Which free tools are people using?

A friend shared using MarkupHero, a free tool that allows users to mark up URLs and export them as images for ticket attachments or messages. This prompts the question of other free tools that can assist product managers with small tasks. I wonder if there are other small tools like Confluence and Jira that are not part of larger tools like these.
Awaiting some cool replies from the community.


People obsess on tools far too much.

All of my serious work is done primarily in Apple Notes, Preview, QuickTime, and PowerPoint.

Here are some pointers to maintain efficiency:

  • Make use of your browser’s bookmarks bar to ensure that the items that are most important are accessible with just a click. You won’t put in as much effort on anything that is hidden or difficult to find. (Spreadsheets, wikis, requirement documents, etc.)
  • Install a password manager; BitWarden is my favorite.
  • Take into account using a clipboard manager to obtain several copy/paste shortcuts.

I absolutely agree with @ShiyaoLiu. Most tools come down to just PowerPoint to share things and a notebook/virtual home for artifacts. Having a centralized platform for sharing and storing documents and artifacts can greatly enhance efficiency. Additionally, utilizing collaboration tools such as Google Drive or Microsoft Teams can streamline communication and facilitate real-time collaboration on projects.

I’ve seen many co-workers try to use the latest and fanciest things out there, spending hours to build them, and leadership going, “Can you make this easier to digest?” It is important to consider the usability and simplicity of the tools we choose to implement in the workplace. While it may be tempting to adopt the latest and most advanced technologies, it is crucial to prioritize user-friendliness and ease of understanding. By focusing on creating intuitive and easily digestible platforms, we can ensure that our colleagues and leaders can effectively utilize these tools without wasting valuable time and resources. In such cases, it is important to prioritize simplicity and ease of use when choosing tools and platforms. Opting for user-friendly interfaces and intuitive features can save valuable time and prevent frustration among team members. Furthermore, seeking feedback from colleagues and leadership throughout the tool selection process can ensure that the chosen solution meets everyone’s needs and preferences.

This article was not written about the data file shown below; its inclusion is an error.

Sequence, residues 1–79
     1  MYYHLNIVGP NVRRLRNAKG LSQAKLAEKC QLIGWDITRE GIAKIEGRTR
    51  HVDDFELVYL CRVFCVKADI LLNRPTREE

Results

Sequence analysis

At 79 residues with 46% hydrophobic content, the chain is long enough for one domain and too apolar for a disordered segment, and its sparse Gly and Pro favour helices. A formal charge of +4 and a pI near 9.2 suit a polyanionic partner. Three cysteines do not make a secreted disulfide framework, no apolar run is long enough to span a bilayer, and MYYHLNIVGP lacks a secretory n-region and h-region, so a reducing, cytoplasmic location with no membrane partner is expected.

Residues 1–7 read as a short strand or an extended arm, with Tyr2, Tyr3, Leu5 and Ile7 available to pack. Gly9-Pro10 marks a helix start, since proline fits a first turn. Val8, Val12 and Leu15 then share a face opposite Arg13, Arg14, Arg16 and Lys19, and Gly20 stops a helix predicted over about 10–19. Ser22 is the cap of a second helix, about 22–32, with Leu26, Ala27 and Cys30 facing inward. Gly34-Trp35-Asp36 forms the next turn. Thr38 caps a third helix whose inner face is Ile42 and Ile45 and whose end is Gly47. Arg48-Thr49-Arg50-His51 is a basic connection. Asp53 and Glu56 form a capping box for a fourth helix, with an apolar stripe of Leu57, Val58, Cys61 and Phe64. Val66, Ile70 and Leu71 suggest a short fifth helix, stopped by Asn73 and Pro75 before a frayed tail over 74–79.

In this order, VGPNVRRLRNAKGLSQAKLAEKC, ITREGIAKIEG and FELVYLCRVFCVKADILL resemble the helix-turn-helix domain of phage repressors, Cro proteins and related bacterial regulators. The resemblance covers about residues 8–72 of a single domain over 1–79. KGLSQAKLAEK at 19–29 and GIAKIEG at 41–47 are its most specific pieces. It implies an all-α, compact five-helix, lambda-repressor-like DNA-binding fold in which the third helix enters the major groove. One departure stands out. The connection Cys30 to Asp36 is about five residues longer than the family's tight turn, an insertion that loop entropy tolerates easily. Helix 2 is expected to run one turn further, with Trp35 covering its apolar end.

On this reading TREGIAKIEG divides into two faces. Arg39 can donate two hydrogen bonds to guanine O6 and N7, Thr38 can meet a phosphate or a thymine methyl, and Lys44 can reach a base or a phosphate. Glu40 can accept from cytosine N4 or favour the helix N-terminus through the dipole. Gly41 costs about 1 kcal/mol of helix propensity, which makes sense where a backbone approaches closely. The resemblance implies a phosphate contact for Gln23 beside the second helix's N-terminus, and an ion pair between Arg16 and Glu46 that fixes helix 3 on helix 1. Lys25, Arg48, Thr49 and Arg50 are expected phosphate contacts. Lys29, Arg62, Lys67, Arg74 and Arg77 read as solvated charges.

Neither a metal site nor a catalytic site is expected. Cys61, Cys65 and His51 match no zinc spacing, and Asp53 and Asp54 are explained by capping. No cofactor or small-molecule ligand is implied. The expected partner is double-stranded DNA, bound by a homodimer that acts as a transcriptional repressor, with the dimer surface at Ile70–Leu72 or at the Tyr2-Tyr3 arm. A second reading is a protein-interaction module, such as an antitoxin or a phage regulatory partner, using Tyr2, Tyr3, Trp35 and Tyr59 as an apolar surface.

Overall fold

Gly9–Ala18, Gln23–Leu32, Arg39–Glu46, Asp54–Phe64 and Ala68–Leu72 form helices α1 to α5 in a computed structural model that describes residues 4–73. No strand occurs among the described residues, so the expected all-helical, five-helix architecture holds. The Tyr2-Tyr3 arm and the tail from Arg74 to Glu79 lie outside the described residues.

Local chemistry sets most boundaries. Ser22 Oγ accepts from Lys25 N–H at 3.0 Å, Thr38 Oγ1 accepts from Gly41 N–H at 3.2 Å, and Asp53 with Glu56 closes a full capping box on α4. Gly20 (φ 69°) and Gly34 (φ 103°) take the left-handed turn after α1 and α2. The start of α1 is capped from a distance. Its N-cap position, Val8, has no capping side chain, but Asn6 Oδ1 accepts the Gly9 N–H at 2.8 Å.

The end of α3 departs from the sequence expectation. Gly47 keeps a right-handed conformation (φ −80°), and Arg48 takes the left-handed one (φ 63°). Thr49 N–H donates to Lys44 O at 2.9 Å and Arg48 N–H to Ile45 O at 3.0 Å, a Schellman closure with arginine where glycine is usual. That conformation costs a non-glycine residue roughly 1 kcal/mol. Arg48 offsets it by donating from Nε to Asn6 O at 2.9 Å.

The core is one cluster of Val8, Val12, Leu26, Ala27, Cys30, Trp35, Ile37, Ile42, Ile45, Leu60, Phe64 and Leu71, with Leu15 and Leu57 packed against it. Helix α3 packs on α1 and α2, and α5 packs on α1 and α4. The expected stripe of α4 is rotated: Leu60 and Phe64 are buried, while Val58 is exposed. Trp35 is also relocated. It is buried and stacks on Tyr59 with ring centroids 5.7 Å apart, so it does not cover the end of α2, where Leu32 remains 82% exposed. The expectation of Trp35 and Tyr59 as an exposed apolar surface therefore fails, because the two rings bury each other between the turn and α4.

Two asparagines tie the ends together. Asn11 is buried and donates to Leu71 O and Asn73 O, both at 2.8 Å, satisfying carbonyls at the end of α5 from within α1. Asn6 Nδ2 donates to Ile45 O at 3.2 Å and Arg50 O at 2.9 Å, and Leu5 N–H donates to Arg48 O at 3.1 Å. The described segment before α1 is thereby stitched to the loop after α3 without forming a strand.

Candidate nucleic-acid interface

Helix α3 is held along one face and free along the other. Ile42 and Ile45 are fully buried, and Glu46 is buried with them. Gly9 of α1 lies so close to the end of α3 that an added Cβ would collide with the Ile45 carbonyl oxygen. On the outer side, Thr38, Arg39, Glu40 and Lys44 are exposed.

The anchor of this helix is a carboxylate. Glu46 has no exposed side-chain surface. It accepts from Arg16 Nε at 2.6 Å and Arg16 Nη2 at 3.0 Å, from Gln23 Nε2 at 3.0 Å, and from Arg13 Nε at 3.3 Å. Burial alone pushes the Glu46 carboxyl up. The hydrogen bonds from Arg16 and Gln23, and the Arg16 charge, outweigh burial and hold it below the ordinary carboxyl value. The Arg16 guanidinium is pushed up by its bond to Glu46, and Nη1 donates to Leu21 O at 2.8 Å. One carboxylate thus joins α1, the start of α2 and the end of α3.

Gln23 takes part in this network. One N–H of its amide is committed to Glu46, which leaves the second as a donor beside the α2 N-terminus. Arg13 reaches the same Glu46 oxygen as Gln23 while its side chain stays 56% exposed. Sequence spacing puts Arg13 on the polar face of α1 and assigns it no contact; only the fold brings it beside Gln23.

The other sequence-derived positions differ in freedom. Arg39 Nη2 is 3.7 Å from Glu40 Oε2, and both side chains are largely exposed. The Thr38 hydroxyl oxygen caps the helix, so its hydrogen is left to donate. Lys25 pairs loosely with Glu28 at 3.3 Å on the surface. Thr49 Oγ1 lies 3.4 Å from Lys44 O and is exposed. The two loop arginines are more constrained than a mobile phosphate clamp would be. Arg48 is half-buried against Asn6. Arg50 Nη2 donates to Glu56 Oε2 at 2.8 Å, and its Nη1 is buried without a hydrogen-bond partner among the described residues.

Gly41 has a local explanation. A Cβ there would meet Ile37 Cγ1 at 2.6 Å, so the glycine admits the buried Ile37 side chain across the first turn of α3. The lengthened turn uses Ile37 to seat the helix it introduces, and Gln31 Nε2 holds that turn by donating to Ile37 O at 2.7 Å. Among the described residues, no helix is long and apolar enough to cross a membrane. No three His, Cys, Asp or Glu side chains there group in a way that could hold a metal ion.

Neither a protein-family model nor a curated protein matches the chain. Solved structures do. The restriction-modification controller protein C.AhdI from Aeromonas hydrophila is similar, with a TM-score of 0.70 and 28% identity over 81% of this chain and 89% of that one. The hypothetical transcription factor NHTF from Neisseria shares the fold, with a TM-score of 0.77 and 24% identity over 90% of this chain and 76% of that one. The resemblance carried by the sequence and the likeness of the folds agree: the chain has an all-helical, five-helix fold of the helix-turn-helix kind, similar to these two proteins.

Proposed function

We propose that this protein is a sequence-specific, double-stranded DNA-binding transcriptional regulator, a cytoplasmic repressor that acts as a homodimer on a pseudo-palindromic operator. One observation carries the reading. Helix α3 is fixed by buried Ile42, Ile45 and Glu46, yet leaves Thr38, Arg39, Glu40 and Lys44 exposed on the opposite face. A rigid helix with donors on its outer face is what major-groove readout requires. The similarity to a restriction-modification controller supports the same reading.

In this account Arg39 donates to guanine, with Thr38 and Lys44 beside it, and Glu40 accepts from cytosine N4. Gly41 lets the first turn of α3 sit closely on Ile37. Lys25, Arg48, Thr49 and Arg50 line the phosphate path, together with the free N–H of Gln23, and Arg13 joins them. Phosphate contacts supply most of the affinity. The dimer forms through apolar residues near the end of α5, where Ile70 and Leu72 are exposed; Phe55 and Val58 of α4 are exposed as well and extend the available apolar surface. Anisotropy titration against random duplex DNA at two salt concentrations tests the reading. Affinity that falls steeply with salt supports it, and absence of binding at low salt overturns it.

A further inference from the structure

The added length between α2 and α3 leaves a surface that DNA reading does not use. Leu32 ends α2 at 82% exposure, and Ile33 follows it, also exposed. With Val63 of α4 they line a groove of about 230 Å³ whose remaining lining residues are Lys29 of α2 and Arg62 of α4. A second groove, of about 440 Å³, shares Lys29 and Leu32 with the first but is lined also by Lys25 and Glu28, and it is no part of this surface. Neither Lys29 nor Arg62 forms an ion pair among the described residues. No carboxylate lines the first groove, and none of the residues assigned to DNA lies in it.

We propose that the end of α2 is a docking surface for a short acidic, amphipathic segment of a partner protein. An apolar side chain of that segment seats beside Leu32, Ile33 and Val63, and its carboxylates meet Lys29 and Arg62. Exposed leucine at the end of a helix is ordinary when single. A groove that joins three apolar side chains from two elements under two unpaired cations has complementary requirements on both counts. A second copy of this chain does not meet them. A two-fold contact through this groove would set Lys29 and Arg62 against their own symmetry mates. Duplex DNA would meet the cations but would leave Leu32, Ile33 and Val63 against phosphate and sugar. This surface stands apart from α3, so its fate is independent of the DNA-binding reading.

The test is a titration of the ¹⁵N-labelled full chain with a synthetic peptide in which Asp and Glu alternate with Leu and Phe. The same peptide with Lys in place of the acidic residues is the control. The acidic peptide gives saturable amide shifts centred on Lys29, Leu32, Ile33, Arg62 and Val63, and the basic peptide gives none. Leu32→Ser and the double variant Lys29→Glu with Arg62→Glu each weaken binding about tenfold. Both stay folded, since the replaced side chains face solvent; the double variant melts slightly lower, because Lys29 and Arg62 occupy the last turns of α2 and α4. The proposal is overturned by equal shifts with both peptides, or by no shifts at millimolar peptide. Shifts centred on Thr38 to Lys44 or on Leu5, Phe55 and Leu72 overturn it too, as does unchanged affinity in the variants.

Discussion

@GerardKolan, or spend hours futzing around with a tool to try to get the layout perfectly beautiful when that’s UX’s problem.

Just use a paper & pen/whiteboard and get to the real work.


100% concur. Even with the most expensive instruments, a poor PM can still exist.

  • Prioritize honing your skill above grabbing the newest, flashiest gadget.

  • Possibly all a PM requires is

  • An app to take notes

  • An app for collaborative whiteboarding

  • A drawing app

  • A presentation and document app


The main problem, @RohitKumar, is that not enough time is spent in the discovery space to determine what buyers actually desire. All they want is for an executive to tell them what to do or for them to go with their instincts, and then they will waste their entire day attempting to optimize requirements around random UX nonsense. This approach often leads to missed opportunities and wasted resources. By neglecting the discovery phase, companies risk developing products or services that do not align with customer needs and preferences, ultimately hindering their success in the market. It is crucial for organizations to invest adequate time and effort in understanding their target audience’s desires and pain points before embarking on any optimization or development process.


I would vote for these free to use tools:

  • ChatGPT4
  • Apple Notes
  • Keynote

Matter for clipping and highlighting articles. For PM work, it works well in terms of organizing content via tags. Also, the reading experience is nice (it features the Bookerly font, which is the same default font as the Amazon Kindle Paperwhite I use for reading).